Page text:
Everyone’s talking about it, but do you secretly have no idea what cryptocurrencies are? Does the word ‘blockchain’ make you feel dizzy? Don’t worry! It’s a confusing new world and it’s always good to take small steps and go at your own pace.
If you are going to invest in anything, you should always take the time to learn about what it is. Only by doing this can you figure out the risk-return ratio and decide what suits you as an investor. And it’s no different with cryptocurrencies.
This article aims to introduce you to crypto in an understandable way. In a few minutes of reading, you should know a little more about crypto, tokens, and blockchains.
A cryptocurrency is a digital currency that is secured by cryptography. Often it requires massive computing power to crack digital cryptography. So much so that trying to break it doesn’t usually pay off for hackers.
Cryptocurrencies only exist digitally and are stored in digital wallets. All transactions are encrypted and recorded on a digital log. Unlike a traditional database, however, the records are stored on a network of hundreds or thousands of computers at once.
Let’s start with the word ‘crypto’ which is derived from the word cryptography. Cryptography was used in ancient Egypt about 4,000 years ago to exchange data and messages, without a third-party being able to read them. Only the receiver (and possibly the sender) has the correct key to decipher and read the information.
Bitcoin was created in 2009 by a pseudonymous person called Satoshi Nakamoto. Nakamoto invented Bitcoin to create a currency that was free from government interference, and better suited to a digital world. Bitcoin is still the largest cryptocurrency, but thousands more cryptos have been created since then. There will only ever be 21 million BTC, making the digital currency scarce and valuable. It also makes Bitcoin very interesting to trade.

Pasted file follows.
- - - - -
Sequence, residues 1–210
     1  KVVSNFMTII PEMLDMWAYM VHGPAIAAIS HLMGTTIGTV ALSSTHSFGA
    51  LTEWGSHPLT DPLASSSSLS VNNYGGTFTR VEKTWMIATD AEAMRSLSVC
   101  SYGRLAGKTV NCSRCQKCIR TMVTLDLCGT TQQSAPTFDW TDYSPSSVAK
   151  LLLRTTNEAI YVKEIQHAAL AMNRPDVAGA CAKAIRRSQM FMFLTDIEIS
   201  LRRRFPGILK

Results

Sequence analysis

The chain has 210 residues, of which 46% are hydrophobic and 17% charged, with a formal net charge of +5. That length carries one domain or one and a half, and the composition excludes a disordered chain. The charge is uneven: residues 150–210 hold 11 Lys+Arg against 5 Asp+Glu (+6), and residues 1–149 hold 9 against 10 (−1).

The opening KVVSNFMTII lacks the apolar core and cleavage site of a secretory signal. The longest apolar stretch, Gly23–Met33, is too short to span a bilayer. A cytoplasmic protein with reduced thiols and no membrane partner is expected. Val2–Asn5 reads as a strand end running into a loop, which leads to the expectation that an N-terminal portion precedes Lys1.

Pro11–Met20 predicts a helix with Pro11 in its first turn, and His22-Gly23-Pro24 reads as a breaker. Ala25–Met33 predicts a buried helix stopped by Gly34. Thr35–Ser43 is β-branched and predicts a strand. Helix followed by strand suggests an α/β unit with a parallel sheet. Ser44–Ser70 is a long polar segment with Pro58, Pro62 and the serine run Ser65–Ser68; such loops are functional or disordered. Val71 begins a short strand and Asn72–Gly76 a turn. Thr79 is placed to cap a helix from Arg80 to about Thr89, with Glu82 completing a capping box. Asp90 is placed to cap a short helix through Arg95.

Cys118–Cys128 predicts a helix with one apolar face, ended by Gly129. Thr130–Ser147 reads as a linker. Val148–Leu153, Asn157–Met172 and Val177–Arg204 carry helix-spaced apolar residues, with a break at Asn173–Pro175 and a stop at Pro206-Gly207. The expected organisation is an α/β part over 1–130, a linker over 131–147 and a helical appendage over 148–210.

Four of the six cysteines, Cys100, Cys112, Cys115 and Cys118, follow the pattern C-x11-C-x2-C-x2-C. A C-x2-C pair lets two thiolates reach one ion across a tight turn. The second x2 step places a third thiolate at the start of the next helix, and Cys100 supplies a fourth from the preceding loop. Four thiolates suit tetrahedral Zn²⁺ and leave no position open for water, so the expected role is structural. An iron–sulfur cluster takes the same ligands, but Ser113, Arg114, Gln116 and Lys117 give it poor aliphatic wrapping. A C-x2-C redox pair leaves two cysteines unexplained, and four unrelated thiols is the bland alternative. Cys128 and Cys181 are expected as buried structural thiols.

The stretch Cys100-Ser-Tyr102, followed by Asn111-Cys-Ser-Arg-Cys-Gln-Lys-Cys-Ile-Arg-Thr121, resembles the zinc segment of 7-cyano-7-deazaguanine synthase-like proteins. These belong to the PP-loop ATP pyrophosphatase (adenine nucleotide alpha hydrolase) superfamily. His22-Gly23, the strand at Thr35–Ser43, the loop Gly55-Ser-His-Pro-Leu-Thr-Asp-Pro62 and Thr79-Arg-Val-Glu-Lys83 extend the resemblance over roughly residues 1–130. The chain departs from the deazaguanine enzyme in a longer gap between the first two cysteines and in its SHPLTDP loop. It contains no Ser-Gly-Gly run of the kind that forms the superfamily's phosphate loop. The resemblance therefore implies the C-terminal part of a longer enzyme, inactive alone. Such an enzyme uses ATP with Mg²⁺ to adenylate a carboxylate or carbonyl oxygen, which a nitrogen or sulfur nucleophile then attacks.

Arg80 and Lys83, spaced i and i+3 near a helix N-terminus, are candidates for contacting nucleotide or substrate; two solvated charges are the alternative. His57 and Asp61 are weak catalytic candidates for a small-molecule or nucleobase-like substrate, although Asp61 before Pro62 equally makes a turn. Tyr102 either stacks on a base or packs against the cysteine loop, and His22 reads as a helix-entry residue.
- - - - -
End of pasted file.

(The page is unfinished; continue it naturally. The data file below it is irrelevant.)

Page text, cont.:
When you invest in cryptocurrencies, there’s no way to ignore Bitcoin. The price of BTC largely determines how the price of other cryptocurrencies are doing. In this article, you can read more about Bitcoin and how it works. Understanding the foundations of Bitcoin will help you better understand other currencies and the crypto markets as a whole.
When it comes to crypto, you’ll often come across the term ‘blockchain.’ This is the technology which makes most cryptocurrencies work. In simple terms, it’s just a system that tracks financial transactions and records them in a digital log. The main difference to banks and traditional currencies is that crypto transactions are recorded on a network of multiple computers instead of one central place.
Here’s an example. Let’s say you want to keep track of all the costs you incur while travelling with four friends. In the traditional financial system, one person would control the account book and be responsible for updating all the costs. With a blockchain system, all four friends have a copy of the account book. They can all see the costs and transactions, and it can only be updated with agreement from all four friends. This way, no one can cheat the system. It’s fair and transparent.
Although cryptocurrencies are still in their early days, they offer huge potential. The secure technology of a blockchain is useful as a means of payment, but it doesn’t stop there. The system lends itself to exchanging all sorts of things through a super-secure network.
So what you find is that some blockchains are used for other types of transactions. This has led to the rise of other crypto tokens, which are created using existing blockchains such as Ethereum.
If you are interested in investing in crypto, tokens are also an important concept to know. Tokens can be anything, such as a share of a company, a deed of ownership, or a bond. There are also tokens that don’t give you a direct share in a company, but piggyback on the company’s value. The more successful the company is, the faster the value of the currency rises and vice versa.
You can now invest in cryptocurrencies with BUX Zero, right alongside your existing portfolio of stocks and ETFs. Of course, make sure you only invest with money you can spare. Crypto is still very volatile so while there is potential for nice returns, you can (partially) lose your money.
All views, opinions, and analyses in this article should not be read as personal investment advice and individual investors should make their own decisions or seek independent advice. This article has not been prepared in accordance with legal requirements designed to promote the independence of investment research and is considered a marketing communication.